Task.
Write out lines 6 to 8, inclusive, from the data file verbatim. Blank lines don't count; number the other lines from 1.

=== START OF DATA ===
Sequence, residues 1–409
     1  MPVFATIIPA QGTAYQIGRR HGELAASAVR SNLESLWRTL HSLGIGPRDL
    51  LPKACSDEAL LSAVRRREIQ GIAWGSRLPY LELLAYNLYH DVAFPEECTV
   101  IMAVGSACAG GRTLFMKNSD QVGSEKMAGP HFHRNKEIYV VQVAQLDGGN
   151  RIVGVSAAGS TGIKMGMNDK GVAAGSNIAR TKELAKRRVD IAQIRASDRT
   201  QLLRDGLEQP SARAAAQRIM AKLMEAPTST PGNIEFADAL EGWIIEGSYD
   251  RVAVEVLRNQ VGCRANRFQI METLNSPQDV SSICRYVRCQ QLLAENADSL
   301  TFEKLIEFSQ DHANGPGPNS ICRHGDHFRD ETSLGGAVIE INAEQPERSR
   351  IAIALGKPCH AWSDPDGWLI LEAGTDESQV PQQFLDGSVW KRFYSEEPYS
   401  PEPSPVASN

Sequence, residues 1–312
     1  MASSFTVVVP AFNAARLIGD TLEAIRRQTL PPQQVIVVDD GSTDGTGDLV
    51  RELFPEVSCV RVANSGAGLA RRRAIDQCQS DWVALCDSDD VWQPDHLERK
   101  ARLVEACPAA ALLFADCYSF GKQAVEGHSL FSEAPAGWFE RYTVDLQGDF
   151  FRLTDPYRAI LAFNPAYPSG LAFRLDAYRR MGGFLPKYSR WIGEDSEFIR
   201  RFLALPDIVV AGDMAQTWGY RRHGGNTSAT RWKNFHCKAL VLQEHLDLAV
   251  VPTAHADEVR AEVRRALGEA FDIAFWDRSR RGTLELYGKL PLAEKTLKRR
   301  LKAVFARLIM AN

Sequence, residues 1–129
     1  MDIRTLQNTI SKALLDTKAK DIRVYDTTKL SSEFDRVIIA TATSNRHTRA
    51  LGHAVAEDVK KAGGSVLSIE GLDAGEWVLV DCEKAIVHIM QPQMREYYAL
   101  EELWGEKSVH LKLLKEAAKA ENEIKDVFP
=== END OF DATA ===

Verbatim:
   201  QLLRDGLEQP SARAAAQRIM AKLMEAPTST PGNIEFADAL EGWIIEGSYD
   251  RVAVEVLRNQ VGCRANRFQI METLNSPQDV SSICRYVRCQ QLLAENADSL
   301  TFEKLIEFSQ DHANGPGPNS ICRHGDHFRD ETSLGGAVIE INAEQPERSR